I also want to mention that men also have a pelvic floor. The focus of this article is women’s health so I am not going to go into depth on men’s issues but just want to point out a few things. The muscles of the pelvic floor are at the very bottom of the spine. They span from public bone to tail bone and hip to hip. These muscles are subjected to a lot of compression from more constant sitting, lack of proper exercise and poor nutrition. We live in a fast paced society with often high stress levels. These muscles have a tendency to be “up regulated” which means that they don’t relax the way they should. They tend to be held in a higher tension mode which limits proper blood flow. Limited blood flow means poor oxygenation and stagnation of this area ultimately leading to poor function of the muscles and organs in that area.
Symptoms in Men with Pelvic Floor Issues:
Men can also have bowel and bladder symptoms of urgency, frequency and incontinence or constipation and retention. They can also have pelvic pain and pain with erection or ejaculation. Poor sexual functioning with erectile dysfunction is often treated with a drug that increases blood flow to the pelvic organs. Why not increase it naturally by opening up the fascia and increasing circulation? Prostatitis is often treated with antibiotics even though it is rarely bacterial. Again, why not treat the prostate directly and open up the blood flow to get better circulation to that important organ?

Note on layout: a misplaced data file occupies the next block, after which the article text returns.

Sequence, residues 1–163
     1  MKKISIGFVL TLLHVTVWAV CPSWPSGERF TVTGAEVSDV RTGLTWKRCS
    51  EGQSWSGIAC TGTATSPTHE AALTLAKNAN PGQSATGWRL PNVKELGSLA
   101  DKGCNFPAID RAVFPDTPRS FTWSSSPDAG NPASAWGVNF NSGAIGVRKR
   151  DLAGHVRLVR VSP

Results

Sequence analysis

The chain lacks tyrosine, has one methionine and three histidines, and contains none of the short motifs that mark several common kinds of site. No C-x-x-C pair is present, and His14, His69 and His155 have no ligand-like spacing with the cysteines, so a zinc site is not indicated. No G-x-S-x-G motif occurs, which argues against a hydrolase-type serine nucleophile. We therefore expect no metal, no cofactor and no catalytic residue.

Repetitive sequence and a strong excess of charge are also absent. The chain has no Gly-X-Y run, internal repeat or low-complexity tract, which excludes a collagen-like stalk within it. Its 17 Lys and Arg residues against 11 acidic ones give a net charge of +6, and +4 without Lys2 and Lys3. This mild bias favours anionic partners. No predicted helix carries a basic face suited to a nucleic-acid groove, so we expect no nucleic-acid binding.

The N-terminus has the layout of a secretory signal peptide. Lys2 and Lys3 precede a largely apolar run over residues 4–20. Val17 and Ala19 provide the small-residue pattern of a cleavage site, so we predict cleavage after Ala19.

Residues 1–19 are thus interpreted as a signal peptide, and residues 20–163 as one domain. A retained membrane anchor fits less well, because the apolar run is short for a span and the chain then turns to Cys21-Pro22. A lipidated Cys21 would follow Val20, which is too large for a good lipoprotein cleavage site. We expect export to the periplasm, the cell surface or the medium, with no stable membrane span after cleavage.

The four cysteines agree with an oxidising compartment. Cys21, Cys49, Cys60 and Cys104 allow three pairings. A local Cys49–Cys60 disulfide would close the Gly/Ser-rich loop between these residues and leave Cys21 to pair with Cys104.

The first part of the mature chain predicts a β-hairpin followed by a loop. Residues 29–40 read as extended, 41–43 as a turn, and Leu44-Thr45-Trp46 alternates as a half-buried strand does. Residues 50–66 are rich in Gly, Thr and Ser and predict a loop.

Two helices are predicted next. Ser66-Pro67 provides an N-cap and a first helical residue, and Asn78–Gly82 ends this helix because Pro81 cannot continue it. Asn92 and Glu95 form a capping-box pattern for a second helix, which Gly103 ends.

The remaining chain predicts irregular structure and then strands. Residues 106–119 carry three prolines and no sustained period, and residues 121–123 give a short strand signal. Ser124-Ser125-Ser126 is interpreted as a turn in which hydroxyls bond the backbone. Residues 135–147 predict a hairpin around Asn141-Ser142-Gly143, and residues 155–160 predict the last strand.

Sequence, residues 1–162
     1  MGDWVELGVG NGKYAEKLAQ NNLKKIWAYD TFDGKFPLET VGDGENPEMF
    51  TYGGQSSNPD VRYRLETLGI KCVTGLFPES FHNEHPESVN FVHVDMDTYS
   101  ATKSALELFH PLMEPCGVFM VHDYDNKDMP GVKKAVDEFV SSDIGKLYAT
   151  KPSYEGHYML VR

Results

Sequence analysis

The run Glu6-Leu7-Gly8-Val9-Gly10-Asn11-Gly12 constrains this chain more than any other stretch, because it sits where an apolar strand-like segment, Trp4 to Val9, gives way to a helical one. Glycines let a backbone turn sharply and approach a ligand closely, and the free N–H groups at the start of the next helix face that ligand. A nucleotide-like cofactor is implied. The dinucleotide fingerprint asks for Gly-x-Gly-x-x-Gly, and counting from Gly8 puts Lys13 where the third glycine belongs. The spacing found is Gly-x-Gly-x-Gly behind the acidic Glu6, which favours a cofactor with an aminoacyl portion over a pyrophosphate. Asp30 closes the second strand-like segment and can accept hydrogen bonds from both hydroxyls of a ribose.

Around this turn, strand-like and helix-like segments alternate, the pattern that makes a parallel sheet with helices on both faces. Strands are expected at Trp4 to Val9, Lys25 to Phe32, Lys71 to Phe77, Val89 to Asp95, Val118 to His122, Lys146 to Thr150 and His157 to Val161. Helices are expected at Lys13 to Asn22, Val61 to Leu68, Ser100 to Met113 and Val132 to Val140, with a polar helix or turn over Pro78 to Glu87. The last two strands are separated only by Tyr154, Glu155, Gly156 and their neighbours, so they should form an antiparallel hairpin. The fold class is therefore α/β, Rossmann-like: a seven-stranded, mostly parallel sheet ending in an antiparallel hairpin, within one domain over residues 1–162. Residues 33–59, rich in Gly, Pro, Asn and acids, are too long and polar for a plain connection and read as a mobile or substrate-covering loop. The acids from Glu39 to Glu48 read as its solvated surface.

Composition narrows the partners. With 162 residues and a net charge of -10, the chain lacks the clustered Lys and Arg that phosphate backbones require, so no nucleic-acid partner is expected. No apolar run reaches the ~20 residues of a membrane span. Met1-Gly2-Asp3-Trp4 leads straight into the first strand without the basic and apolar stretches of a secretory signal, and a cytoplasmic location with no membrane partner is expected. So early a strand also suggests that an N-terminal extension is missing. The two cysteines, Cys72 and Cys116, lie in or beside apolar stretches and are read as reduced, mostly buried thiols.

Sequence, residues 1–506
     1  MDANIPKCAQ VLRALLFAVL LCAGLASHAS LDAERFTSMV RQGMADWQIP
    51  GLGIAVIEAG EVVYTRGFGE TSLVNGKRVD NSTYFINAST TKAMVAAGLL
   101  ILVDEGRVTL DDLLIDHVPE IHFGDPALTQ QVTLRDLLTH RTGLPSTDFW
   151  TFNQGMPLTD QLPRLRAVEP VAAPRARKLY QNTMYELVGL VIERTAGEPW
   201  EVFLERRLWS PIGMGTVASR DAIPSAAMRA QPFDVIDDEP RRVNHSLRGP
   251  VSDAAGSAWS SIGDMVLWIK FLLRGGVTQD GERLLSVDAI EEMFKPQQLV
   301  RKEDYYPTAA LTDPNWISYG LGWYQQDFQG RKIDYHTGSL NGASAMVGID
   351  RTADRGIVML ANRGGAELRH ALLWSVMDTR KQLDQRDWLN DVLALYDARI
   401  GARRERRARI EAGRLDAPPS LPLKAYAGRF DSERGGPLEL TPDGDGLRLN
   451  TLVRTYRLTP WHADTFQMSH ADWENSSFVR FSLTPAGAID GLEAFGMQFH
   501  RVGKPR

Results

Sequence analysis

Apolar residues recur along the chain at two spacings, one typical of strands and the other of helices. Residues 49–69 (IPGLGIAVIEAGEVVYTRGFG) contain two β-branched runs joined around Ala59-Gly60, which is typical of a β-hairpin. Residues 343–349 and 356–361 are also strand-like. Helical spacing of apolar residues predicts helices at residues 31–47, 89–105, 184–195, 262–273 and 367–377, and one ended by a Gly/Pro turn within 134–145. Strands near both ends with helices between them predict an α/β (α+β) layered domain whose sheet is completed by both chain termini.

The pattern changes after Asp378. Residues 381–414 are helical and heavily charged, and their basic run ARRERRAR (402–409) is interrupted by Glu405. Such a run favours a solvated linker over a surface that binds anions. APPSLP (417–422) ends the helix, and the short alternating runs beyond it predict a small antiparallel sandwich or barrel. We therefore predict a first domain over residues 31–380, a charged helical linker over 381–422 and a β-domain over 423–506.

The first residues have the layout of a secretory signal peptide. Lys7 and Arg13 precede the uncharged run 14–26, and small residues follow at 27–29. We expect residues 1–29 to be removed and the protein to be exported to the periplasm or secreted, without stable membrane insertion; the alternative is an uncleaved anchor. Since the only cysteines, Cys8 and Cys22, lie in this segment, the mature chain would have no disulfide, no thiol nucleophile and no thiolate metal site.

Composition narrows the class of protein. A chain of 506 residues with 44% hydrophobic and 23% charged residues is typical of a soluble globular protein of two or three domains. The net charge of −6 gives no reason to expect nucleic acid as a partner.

A Failure in our Health Care System?
I may sound like I am complaining about our health care system. I guess that I am, just a little. I have so much respect for the amazing life saving skills of our health care profession. I do feel that we tend to fall a little short when we are dealing with issues that are not life threatening but tend to have a huge effect on the quality of our daily life. Talk to a woman who has become cut off from her social circles because she is embarrassed by her leaky bladder or even worse, leaky bowel. How about the new mom who can no longer tolerate intimacy with her partner or just does not have the same enjoyable sensations. There are so many ways to treat the “problems down there” that will absolutely get at the problem vs controlling it with drugs or hiding it with products.
30 + Years of Experience…
I have been involved in this field for over 30 years and have learned a lot through the many men and women who I have been privileged to treat as well as dealing with my female body as I go though the natural changes of aging. Manual therapy and especially myofascial release with proper retraining of the pelvic floor muscles can effectively treat so many of the complex pelvic floor diagnoses without the use of drugs, devices or expensive products. It can also help stabilize the low back, abdominals and pelvis which causes needless suffering for so many people.
Help Your Patients
In summary, please consider sending your patients to a therapist who is trained to treat the pelvic floor muscles and addresses it from a whole body perspective. You will become their hero as it will address an over looked and important area of the body. You have nothing to lose and your patient has so much she can gain… like getting her life back.
Jody Hendryx, PT